This is a specific regional BBQ rub which originates from the Santa Maria Valley in Santa Barbara County, which is on the Central Coast of California. This Santa Maria tradition started around the mid-19th century and beef sirloin tri-tip is classically used and grilled over California oak. This rub is very simple, but very direct with flavors of: black pepper, garlic, hickory smoked sea salt and onion.
NOTE: If you would like to learn more about different types of foods to barbecue, grill or oven roast, please read the “Recommendations for selecting your Beef, Pork, Chicken, Turkey and Seafood” PDF, located in the RECIPE heading at the top of the Home Page.
1) To use the Grate Grind Santa Maria BBQ rub, evenly spray or rub, a little oil on all sides of your Sirloin Tri-Tip. Then grind the rub evenly on all sides of your beef, gently pressing it onto the surface. The amount of rub you grind on is up to your flavor preference. The more you grind on the more of a flavor impact the rub will have. Fig. 1 below is an example of how much rub to grind onto your meat, as a general rule.
NOTE: One word of caution, these rubs are self-contained, meaning that they already have salt in them in the proper ratio to the spices and herbs, so don’t overdo it with grinding the rubs and DON”T add any additional salt.
2) After you have rubbed your sirloin tri-tip, refrigerate it and allow the rub to rest on the meat for at least 20 minutes or up to twenty-four hours. The longer the resting period, the more the rub can penetrate the meat.
Fig. 1 Beef sirloin tri-tip with Santa Maria BBQ Rub ready for the grill!
NOTE: Always buy your meats from a quality reputable stores. Keep all meat under refrigeration as much as possible during preparation. Don’t leave any meats out at room temperature for more than 30 minutes, except when you are ready to cook it. Then let it just reach room temperature prior to cooking, but don’t let time exceed an hour. Food safe guidelines recommend that any proteins (meats in this case) are not exposed to the “Temperature Danger Zone” (40 F. to 140 F) for more than 4 hours for its entire journey to you cooking it. We are informing you of these food safety guidelines, because we want you to have a wonderful flavorful safe food experience, every time.
3) Preheat your grill or oven to 375 to 400ºF. to get a good sear on the outside of the meat. Place your meat on the preheated oiled clean grill (or in the oven in a roasting pan). If you like a more smoked flavor of your food, you can place some moist smoking chips in a small roasting pan directly in the hottest part of your grill. When grilling, please try not to flip-flop the meat back and forth. Place it on the grill and let it cook without being disturbed for as long as possible on each side to get that good searing crust to form. Avoid flare ups with a spray bottle of water. Brown all sides of the sirloin and then lower temperature to 250 to 275ºF. Close the lid of your grill. and allow the sirloin to slowly cook. The lower the cooking temperature and the more slowly it cooks, the more evenly your beef will cook and the moister it will be.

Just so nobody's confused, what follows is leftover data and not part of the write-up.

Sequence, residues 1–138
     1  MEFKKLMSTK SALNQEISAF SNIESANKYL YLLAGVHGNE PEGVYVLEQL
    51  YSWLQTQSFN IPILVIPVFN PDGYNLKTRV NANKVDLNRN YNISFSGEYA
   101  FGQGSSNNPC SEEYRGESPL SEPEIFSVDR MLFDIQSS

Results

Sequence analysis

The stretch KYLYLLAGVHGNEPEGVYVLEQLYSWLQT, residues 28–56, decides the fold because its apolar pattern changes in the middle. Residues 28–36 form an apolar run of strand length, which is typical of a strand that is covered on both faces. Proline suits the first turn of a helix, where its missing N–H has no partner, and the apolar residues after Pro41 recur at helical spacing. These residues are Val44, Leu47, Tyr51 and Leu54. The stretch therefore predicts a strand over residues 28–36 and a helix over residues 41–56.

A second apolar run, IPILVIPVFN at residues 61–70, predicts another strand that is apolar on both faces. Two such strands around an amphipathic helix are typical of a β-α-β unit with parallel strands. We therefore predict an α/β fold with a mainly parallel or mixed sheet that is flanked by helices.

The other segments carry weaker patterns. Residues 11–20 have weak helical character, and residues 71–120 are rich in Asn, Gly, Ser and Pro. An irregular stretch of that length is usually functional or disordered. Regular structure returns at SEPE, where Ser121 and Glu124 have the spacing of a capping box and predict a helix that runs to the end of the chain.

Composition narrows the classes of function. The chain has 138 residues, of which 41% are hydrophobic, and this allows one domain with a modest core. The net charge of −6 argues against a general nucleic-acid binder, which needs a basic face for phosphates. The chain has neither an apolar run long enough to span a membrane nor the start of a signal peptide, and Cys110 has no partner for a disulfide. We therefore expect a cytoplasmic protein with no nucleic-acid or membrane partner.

4) If you are looking for a specific temperature of doneness according to your taste and personal preference use this general temperature guide: 125 F. for rare, 130 F. for medium rare, 135 F. for medium, 140 F. for medium well and over 150 F. for well done. The average cooking times for a sirloin tri-tip depend on the size of the sirloin, the temperature you like of your meat and your grill or oven temperature.
5) Once you feel your beef has reached the proper temperature, remove your sirloin from the grill or oven and let it “rest” under a foil tent. There is an activity that takes place now called “carryover cooking”. Once your food is removed from the heat source, it will continue to cook for 5 to 10 minutes for smaller cuts, 15 to 20 minutes for larger cuts of meat. The retained heat in the meat continues the cooking process for a few more minutes, as the meat cools down. Part of the resting period is to allow the internal liquids in the meat, which are forced to the center by the intense cooking heat, and it will take a few minutes for the liquids to redistribute themselves throughout the meat.
Figure 2. Grilled Beef Sirloin Tri-Tip with Santa Maria BBQ Rub.
This is a great rub on an awesome flavorful tender cut of beef, but this rub is also very versatile and can be used on chicken, turkey, pork and seafood!